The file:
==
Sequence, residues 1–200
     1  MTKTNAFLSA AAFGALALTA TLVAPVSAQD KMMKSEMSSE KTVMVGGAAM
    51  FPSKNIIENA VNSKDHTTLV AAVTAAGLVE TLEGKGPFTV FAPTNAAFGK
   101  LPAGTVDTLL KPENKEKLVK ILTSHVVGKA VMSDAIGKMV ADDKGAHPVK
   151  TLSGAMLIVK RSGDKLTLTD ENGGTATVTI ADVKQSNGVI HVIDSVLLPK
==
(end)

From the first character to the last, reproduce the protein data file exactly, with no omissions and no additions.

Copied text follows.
Sequence, residues 1–200
     1  MTKTNAFLSA AAFGALALTA TLVAPVSAQD KMMKSEMSSE KTVMVGGAAM
    51  FPSKNIIENA VNSKDHTTLV AAVTAAGLVE TLEGKGPFTV FAPTNAAFGK
   101  LPAGTVDTLL KPENKEKLVK ILTSHVVGKA VMSDAIGKMV ADDKGAHPVK
   151  TLSGAMLIVK RSGDKLTLTD ENGGTATVTI ADVKQSNGVI HVIDSVLLPK